Loulou Boulaz

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Louise "Loulou" Boulaz (February 6, 1908 – June 13, 1991) was a Swiss mountain climber and alpine skier who made numerous first ascents in the Alps.

Biography[edit]

Boulaz was born in Avenches, Switzerland.[1] She attended a trade school and worked as a journalist for the International Labour Organization in Geneva.[2]

Boulaz began climbing in the Alps in the 1930s and continued making major ascents until the 1970s. Of her major climbs, four were the first ascents and at least nine were the first female or all-female ascents.[3] At the start of her career, Boulaz and Lulu Durand became the first women to climb the Dent du Requin (1932) and the southwest face of the Dent du Géant.[3] She made a number of climbs with Durand in 1935: the first female traverse of the Aiguille des Grands Charmoz; the first female traverse of Les Droites; the first female ascent of the north face of the Petit Dru (with Raymond Lambert), and the second ascent ever; the first female ascent of the Central Spur of the Grandes Jorasses; the Aiguille Noire de Peuterey; and the Brenva Face of Mont Blanc.[1][4] She was the first person to climb the east face of the Bel Oiseau (1938),[1] the north face of Mont Vélan (1941), and the Rothorn of Valais (1941).[3] She was the first woman to climb the Pear Buttress on Mont Blanc's Brenva Face (1939), the Walker Spur of the Grandes Jorasses (1952), and the north face of the Cima Grande di Lavaredo (1960).[1]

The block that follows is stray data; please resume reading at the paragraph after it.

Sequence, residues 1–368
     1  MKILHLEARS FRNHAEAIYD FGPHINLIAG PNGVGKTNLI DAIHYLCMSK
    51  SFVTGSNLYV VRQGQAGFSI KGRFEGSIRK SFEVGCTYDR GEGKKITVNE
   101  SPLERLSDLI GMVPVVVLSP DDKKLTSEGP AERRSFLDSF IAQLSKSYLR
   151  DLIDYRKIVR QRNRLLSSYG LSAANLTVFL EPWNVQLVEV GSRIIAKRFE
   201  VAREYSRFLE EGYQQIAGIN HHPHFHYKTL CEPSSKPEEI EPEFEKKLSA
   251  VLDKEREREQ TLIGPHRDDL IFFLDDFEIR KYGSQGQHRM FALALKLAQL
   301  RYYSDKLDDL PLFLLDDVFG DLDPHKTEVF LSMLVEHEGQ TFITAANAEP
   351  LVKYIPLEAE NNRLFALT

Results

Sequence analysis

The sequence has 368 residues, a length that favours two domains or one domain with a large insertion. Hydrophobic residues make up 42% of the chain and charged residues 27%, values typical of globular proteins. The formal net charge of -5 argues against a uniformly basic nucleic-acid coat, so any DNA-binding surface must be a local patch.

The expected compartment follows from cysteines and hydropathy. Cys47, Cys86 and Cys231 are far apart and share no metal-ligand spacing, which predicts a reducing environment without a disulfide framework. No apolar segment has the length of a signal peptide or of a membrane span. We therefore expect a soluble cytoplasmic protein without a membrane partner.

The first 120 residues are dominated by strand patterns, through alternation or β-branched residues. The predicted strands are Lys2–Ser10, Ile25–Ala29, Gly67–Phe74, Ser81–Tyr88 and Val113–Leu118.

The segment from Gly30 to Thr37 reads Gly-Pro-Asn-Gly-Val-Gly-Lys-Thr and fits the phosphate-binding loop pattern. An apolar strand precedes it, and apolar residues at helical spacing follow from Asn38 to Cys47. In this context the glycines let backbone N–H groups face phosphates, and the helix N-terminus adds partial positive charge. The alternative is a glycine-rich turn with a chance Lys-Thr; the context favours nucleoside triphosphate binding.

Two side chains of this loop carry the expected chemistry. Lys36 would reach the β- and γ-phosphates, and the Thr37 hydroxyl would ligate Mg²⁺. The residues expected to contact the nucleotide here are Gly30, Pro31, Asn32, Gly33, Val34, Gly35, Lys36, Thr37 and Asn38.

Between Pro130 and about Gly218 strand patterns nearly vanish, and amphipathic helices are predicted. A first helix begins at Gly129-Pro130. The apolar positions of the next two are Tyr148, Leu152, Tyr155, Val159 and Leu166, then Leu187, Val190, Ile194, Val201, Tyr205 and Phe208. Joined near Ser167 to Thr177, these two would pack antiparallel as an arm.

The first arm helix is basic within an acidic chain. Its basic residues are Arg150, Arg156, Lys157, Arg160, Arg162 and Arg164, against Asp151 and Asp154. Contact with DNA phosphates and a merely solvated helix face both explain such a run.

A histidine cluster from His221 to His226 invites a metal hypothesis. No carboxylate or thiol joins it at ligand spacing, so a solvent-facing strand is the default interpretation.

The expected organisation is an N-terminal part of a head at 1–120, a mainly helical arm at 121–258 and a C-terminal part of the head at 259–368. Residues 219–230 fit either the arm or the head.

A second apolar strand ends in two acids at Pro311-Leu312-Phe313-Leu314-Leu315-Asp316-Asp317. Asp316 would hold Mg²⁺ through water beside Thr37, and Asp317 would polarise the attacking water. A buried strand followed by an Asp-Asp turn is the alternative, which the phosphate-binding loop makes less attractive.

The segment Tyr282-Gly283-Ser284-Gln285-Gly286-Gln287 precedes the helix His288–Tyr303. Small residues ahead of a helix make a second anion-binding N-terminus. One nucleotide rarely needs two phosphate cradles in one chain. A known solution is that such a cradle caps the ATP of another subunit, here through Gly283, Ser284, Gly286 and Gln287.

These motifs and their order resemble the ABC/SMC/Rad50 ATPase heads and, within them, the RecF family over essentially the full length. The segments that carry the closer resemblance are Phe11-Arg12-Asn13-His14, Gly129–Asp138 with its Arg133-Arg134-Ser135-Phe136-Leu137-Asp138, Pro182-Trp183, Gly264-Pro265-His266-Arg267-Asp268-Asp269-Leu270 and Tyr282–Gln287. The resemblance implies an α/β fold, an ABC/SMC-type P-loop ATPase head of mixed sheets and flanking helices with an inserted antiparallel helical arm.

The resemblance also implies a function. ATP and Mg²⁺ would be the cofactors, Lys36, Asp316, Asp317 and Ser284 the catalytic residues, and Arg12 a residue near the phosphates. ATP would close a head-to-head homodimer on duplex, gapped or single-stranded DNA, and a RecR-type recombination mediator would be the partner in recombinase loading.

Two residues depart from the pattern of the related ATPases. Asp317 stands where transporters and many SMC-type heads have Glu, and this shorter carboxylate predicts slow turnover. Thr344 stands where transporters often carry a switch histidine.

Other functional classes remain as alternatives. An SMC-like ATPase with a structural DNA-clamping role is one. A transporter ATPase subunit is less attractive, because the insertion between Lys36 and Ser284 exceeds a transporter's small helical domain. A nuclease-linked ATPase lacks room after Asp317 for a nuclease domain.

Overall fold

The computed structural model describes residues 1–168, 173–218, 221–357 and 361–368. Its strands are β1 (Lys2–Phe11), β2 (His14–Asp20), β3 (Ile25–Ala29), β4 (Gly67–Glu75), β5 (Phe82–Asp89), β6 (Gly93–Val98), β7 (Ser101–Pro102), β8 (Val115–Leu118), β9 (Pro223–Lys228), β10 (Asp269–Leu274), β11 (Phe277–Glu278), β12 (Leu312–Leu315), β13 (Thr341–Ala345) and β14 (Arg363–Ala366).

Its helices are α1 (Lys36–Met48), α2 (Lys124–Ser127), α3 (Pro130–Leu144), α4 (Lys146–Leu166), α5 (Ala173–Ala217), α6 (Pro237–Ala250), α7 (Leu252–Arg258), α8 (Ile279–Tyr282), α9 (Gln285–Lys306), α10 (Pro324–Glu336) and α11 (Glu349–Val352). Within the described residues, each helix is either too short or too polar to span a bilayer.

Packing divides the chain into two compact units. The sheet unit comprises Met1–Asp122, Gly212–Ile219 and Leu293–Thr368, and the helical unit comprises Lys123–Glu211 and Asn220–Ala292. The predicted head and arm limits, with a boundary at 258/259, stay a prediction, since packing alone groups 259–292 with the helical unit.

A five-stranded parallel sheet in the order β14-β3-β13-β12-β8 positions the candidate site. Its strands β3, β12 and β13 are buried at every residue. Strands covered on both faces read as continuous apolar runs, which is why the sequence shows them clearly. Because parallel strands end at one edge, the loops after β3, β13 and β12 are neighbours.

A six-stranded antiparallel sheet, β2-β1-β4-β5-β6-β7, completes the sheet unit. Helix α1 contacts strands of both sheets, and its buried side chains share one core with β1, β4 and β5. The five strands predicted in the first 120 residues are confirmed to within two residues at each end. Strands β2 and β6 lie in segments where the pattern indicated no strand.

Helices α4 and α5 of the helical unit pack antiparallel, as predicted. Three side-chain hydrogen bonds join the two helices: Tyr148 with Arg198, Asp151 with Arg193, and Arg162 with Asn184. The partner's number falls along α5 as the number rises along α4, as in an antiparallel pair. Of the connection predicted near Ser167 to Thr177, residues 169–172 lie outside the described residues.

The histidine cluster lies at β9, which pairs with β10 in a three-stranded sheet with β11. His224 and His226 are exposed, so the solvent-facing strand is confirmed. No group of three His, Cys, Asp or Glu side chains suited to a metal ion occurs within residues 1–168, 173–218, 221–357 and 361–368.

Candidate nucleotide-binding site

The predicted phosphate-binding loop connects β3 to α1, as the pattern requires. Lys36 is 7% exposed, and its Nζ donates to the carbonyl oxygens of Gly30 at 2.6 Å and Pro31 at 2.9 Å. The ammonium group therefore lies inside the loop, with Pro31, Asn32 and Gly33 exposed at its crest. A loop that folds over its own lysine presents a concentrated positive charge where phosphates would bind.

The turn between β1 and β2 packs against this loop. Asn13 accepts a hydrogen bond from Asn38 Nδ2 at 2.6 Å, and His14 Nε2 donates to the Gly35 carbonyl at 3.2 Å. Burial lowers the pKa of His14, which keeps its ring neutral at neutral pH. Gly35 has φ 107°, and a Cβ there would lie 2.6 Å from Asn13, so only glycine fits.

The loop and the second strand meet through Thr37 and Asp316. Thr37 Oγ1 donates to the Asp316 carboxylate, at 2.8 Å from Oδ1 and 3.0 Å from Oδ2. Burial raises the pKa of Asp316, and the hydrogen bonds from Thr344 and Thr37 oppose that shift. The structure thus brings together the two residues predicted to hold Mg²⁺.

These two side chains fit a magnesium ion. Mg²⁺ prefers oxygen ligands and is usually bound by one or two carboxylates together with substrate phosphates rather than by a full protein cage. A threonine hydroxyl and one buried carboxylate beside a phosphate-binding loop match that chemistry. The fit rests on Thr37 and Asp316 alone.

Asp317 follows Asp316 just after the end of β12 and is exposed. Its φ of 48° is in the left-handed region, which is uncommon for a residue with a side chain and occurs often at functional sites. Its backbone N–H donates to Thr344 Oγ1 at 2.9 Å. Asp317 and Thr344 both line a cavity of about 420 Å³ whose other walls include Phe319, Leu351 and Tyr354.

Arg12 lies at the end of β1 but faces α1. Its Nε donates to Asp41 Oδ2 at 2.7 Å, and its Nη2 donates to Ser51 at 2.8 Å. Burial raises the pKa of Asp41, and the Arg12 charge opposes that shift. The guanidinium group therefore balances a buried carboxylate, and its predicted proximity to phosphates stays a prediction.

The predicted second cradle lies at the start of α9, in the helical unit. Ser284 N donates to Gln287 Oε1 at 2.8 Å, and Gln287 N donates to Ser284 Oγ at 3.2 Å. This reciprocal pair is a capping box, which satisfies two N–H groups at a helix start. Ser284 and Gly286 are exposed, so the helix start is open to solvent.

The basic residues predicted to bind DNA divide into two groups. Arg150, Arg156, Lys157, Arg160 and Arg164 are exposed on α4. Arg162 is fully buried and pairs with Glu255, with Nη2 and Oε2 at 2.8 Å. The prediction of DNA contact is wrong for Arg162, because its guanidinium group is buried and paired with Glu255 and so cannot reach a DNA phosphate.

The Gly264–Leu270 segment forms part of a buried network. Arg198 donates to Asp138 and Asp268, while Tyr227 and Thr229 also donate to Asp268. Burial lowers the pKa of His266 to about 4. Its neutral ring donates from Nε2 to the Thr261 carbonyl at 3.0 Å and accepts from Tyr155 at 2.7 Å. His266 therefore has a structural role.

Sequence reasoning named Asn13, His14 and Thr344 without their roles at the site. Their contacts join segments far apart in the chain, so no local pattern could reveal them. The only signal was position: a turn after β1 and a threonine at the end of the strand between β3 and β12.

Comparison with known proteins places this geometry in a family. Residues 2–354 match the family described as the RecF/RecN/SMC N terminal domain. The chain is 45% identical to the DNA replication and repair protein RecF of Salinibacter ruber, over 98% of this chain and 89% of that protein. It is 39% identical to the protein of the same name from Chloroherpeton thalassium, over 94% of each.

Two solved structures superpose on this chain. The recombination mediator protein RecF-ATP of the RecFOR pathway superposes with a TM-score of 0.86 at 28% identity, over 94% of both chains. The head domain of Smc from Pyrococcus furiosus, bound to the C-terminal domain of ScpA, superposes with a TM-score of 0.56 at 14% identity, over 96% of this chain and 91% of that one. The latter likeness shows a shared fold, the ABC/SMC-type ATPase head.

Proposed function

Outside of the Alps, Boulaz traveled often within the Himalaya, the Caucasus and the Sahara. In 1959, she was a member of the all-female expedition to Cho Oyu where Claude Kogan, Claudine van der Straten-Ponthoz and three Sherpas died during an avalanche.[1] In 1977, she was the first to climb a new route in the Aïr Mountains of the Sahara, which she named Tour Loulou.[3] She was made an honorary member of the Swiss Alpine Club, even though the club did not allow women to become members at the time, as well as holding honorary membership of the Ladies' Alpine Club and the Alpine Club.[1]

Boulaz was also a successful alpine skier; she was a member of the Swiss national ski team in 1936 and 1937, and in 1937 she placed fourth in the FIS World Ski Championships slalom category in Chamonix.[1]

References[edit]

  1. ^ a b c d e f g Roch, André (1993). "In Memoriam: Louise Boulaz 1908–1991". Alpine Journal: 323. Retrieved April 5, 2014. 
  2. ^ Fink, Caroline; Steinbach Tarnutzer, Karin (2013). Erste am Seil: Pionierinnen in Fels und Eis (in German). Tyrolia Verlag. 
  3. ^ a b c d Commire, Anne (1999). "Boulaz, Loulou (1912—)". Women in World History: A Biographical Encyclopedia. Yorkin Publications. 
  4. ^ Loomis, Molly (2005). "A Woman's Place is On Top". American Alpine Journal 47 (79): 113. Retrieved April 5, 2014.